The bell can grow to more than 3 feet (1 m) in diameter, while the trailing tentacles can get to 12 or 15 feet (3.6 to 4.6 m) long.

The bell is semi-transparent with either a white or reddish-brown tint to it. Usually the bell is striped. Pacific Sea Nettles are larger and darker than their cousin the Northern Sea Nettle (Chrysaora melanaster). They also have long lace-like oral arms in the center that transport food to their single mouth opening on the underside of their bell.

Pacific Sea Nettles feed on fish, zooplankton, and other jellies.

The lifespan for a Pacific Sea Nettle can be anywhere between 6 to 12 months. However, in the wild they can live closer to 18 months.

Sea Nettles, like most jellyfish species, travel in swarms. A Sea Nettle’s sting is very often deadly to proportionately sized prey. Their sting is rated from moderate to severe in regards to human interaction.

The jellyfish sting actually comes from tiny nematocysts, or stinging cells, on the jellyfish body. When triggered, these cells eject poison-tipped barbs that help the jellyfish catch food in the ocean. The nematocysts can still release their sting even after the jellyfish is dead.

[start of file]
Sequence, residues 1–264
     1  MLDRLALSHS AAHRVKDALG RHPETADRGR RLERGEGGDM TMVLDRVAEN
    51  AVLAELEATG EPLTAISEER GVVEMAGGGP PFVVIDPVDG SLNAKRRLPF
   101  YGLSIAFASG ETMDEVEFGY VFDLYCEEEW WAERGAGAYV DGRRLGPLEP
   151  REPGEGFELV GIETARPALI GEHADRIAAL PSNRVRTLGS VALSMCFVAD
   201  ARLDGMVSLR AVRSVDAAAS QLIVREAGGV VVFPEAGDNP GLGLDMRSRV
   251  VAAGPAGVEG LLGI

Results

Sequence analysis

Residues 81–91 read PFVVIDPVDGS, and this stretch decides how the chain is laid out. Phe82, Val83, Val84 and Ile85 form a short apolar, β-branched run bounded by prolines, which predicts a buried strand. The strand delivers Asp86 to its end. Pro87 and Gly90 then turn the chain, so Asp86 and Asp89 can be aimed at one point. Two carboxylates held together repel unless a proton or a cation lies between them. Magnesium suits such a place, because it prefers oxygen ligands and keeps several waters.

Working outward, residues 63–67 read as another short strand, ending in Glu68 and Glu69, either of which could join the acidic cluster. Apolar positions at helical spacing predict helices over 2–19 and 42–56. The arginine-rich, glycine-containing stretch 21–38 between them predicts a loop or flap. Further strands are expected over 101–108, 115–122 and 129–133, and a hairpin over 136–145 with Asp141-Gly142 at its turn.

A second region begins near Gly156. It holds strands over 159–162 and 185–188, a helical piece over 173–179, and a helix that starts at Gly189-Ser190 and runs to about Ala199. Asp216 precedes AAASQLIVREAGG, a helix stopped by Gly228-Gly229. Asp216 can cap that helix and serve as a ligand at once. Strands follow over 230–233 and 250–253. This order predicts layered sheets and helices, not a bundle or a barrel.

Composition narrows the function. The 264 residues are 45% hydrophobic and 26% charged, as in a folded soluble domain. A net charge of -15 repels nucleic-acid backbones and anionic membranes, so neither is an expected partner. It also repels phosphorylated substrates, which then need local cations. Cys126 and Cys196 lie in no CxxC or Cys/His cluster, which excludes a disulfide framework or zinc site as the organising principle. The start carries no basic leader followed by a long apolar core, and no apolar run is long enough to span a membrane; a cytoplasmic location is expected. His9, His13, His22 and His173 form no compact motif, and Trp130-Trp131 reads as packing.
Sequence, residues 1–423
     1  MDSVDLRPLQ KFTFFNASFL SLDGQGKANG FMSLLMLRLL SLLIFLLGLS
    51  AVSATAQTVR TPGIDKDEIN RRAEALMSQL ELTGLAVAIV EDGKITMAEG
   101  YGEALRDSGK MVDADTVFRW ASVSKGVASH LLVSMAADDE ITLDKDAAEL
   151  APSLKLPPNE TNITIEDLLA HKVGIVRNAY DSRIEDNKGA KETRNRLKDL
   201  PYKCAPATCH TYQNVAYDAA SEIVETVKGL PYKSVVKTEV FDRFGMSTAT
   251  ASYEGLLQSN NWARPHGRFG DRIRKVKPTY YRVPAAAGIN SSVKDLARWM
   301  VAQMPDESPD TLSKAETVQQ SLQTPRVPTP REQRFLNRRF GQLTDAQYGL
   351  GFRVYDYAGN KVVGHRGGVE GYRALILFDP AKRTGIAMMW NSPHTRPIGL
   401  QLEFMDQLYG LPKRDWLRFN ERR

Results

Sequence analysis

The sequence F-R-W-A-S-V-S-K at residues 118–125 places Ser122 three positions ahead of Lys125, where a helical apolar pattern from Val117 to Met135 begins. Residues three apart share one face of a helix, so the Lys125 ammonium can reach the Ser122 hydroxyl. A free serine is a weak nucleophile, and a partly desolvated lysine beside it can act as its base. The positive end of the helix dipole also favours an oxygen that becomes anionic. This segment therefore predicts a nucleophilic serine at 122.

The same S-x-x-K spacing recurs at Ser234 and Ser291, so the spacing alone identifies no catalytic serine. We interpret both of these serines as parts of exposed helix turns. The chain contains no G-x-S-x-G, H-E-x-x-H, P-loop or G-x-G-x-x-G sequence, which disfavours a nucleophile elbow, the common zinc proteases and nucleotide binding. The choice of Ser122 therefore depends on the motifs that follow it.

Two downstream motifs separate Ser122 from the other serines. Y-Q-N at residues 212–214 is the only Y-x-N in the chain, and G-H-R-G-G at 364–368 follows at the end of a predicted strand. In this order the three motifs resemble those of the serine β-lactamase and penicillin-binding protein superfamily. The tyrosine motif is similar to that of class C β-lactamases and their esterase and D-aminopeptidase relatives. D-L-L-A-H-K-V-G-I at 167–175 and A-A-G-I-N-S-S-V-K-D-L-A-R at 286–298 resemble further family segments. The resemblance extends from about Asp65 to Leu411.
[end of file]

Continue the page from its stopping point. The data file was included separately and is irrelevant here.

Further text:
Individual sea jellies are either male or female and reproduce sexually. Eggs and sperm develop inside the gonads and are released through the mouth into the ocean. The microscopic fertilized eggs begin a series of cell divisions which results in an embryo. The embryo does not develop directly into a baby sea jelly, but instead becomes a “planula”. The planula is either carried with the current or uses cilia to swim until it finds its final resting place. After the tiny planula attaches to a rock or other substrate it immediately begins to grow into a polyp. The polyp can feed on passing plankton with its upward-facing tentacles. Grooves begin to appear and get deeper and deeper, cutting through the polyp’s body. The polyp then clones itself and reproduces asexually. A pile of disc-shaped structures emerge and one by one start to break away, each becoming a baby jelly, also called a free floating medusa. This is the form that most people recognize as a sea jelly.


Chrysaora fuscescens

Type: Invertebrates

Diet: Zooplankton

Average Life Span: 6 mo – 1 year

Size: 30 inches wide (tentacles can be as long as 16 ft)

Weight: 0.2k

Conservation Status: Least Concern